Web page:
There are always last minute details left undone before leaving on a trip. For many, it’s not having the time to get a flu shot. A new service has been introduced at some U.S. airports and it’s spreading like wildfire. There are doctors and nurses on site to give you a jab so you won’t get sick. Travelers like it because they can cross off something from their “to do” list.

Perhaps airports should take the hint and implement other services that many people, especially frequent fliers, don’t have time to do at home. This would be a blessing for road warriors who spend much too much time in airports and vacationers who simply run out of time before having to race to the airport.

Let’s face it, we all have plenty of time at airports after checking in and passing through security. Sometimes we find ourselves at airports for long layovers and have even more extra time.

Eating and drinking have always been options. But the choices are relatively limited to fast food. A sit-down somewhat upscale restaurant would be nice to see on occasion. I know that several airports like Amsterdam Schiphol, Frankfurt Rhein Main, Minneapolis and Washington Reagan have some decent dining options. It would be nice to see that idea spread.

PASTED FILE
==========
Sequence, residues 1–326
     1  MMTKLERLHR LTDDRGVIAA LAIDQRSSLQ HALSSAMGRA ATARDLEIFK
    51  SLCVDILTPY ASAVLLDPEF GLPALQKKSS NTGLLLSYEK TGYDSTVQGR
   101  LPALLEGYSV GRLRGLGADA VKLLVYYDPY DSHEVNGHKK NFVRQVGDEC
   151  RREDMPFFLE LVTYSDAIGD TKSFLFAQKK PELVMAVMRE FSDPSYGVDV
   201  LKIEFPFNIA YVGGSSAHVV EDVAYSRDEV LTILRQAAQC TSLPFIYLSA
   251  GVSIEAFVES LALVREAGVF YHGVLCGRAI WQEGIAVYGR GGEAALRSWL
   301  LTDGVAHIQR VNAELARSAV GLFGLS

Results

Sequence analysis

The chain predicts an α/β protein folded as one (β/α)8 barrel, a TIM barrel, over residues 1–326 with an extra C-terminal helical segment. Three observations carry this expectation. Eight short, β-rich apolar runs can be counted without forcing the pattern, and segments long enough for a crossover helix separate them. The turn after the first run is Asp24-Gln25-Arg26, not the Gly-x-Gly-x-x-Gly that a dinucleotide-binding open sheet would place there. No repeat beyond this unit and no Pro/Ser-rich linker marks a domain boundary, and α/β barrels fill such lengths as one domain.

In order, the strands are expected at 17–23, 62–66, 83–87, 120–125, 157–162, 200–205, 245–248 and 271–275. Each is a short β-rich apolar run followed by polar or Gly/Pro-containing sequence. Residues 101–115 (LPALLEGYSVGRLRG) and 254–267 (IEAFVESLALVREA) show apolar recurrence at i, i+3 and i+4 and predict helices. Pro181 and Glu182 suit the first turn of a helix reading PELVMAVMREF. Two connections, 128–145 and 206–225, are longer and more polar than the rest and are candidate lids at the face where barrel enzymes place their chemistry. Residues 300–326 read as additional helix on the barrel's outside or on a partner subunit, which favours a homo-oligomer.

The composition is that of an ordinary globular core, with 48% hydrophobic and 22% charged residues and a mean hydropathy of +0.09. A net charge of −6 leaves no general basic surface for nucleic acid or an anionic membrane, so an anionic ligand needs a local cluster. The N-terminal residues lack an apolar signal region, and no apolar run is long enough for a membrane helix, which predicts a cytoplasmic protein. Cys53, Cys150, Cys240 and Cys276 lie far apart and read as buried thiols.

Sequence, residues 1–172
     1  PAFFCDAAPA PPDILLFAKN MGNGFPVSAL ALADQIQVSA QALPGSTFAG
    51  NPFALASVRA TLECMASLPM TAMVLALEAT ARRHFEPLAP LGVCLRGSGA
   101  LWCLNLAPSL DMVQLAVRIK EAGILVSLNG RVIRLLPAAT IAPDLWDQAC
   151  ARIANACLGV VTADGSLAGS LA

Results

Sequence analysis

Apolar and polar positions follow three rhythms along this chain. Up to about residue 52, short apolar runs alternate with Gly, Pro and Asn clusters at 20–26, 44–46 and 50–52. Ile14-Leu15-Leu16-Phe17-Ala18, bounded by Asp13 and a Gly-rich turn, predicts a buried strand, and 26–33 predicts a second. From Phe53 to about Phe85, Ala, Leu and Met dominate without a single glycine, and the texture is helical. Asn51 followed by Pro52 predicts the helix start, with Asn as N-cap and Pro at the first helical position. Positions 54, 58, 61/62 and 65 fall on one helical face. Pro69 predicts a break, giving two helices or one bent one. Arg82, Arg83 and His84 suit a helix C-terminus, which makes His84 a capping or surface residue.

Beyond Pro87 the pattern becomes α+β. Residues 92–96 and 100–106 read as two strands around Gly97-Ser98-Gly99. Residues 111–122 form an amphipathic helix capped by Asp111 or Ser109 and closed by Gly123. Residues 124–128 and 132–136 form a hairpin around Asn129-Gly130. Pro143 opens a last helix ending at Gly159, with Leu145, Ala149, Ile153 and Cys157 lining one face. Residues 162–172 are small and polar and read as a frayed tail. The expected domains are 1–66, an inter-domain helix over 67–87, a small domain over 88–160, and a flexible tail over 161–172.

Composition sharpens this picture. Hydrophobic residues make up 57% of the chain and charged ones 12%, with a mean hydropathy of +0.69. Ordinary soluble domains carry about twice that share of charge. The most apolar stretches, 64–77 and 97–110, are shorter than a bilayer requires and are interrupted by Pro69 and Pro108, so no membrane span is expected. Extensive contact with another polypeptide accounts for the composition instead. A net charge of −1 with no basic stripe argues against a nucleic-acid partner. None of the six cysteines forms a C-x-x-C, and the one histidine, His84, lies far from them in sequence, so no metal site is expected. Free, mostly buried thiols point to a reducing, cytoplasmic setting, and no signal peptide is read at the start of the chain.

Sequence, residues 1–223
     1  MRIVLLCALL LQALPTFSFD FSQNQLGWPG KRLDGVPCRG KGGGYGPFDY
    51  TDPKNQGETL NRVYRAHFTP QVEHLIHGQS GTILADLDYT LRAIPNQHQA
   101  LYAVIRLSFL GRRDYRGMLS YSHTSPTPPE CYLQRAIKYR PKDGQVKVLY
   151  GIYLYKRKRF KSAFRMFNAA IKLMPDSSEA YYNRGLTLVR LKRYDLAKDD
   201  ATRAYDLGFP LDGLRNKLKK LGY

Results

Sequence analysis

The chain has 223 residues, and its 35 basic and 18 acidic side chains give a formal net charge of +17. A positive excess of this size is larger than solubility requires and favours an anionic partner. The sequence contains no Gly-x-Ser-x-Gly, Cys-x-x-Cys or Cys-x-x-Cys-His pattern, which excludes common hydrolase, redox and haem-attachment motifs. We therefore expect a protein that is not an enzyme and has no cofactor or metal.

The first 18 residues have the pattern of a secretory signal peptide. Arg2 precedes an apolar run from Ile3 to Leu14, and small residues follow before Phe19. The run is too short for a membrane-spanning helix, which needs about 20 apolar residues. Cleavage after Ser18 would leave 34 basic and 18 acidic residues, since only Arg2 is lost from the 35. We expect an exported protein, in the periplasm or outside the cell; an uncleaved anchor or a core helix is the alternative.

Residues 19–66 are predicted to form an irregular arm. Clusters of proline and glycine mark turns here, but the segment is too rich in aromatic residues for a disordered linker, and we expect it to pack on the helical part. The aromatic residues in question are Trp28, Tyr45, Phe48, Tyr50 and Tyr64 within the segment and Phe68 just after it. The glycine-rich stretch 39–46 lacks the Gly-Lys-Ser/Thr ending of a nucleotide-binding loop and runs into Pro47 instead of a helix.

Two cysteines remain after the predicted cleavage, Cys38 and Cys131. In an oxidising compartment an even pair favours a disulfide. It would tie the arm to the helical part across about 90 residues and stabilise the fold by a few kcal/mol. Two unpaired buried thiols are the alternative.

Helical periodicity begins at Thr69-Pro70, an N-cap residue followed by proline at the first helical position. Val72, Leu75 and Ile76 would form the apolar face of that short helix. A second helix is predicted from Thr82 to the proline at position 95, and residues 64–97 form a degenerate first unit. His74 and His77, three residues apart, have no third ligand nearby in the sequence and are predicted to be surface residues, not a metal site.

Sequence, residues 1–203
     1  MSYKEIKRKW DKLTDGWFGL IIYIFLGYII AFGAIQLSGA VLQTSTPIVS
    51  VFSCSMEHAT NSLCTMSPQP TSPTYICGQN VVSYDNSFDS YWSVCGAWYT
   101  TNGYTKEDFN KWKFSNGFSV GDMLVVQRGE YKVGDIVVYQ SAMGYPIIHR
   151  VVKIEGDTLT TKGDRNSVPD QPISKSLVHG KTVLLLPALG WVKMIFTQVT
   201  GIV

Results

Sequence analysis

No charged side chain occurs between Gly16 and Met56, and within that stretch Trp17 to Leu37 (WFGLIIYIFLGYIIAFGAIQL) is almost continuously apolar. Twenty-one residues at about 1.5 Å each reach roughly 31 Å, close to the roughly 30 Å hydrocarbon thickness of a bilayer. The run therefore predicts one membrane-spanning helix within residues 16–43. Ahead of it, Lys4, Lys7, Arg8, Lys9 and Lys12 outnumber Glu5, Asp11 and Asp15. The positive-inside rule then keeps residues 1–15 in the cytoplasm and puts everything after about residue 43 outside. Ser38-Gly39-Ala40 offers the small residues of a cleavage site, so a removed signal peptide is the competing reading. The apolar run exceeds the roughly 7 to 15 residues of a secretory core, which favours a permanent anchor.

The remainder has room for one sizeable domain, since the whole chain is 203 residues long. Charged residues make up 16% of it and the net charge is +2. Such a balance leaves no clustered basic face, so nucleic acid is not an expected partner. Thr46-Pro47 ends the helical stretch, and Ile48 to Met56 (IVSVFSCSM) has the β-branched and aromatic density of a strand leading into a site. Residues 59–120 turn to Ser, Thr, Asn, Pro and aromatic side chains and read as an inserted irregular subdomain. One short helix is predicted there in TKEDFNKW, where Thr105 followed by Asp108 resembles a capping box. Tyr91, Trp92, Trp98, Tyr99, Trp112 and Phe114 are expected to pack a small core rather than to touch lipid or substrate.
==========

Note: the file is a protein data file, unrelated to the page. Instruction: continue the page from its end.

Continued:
Shopping is the other airport activity of choice — mainly because that is normally the only other choice. But shopping (even duty free) leaves a lot to be desired unless you want to buy cigarettes or liquor. For example, the perfume and cosmetic shops are enticing, but if the person for whom you’re buying has specific preferences, don’t be surprised if these satellite boutiques don’t have the items in stock. For most domestic airports shopping means books and souvenirs.

The airports in Frankfurt and Zurich actually have supermarkets and drug stores available. They have been a lifesaver for many travelers who need emergency items and a timesaver for many businessmen and families who can buy groceries conveniently on the way home after a trip.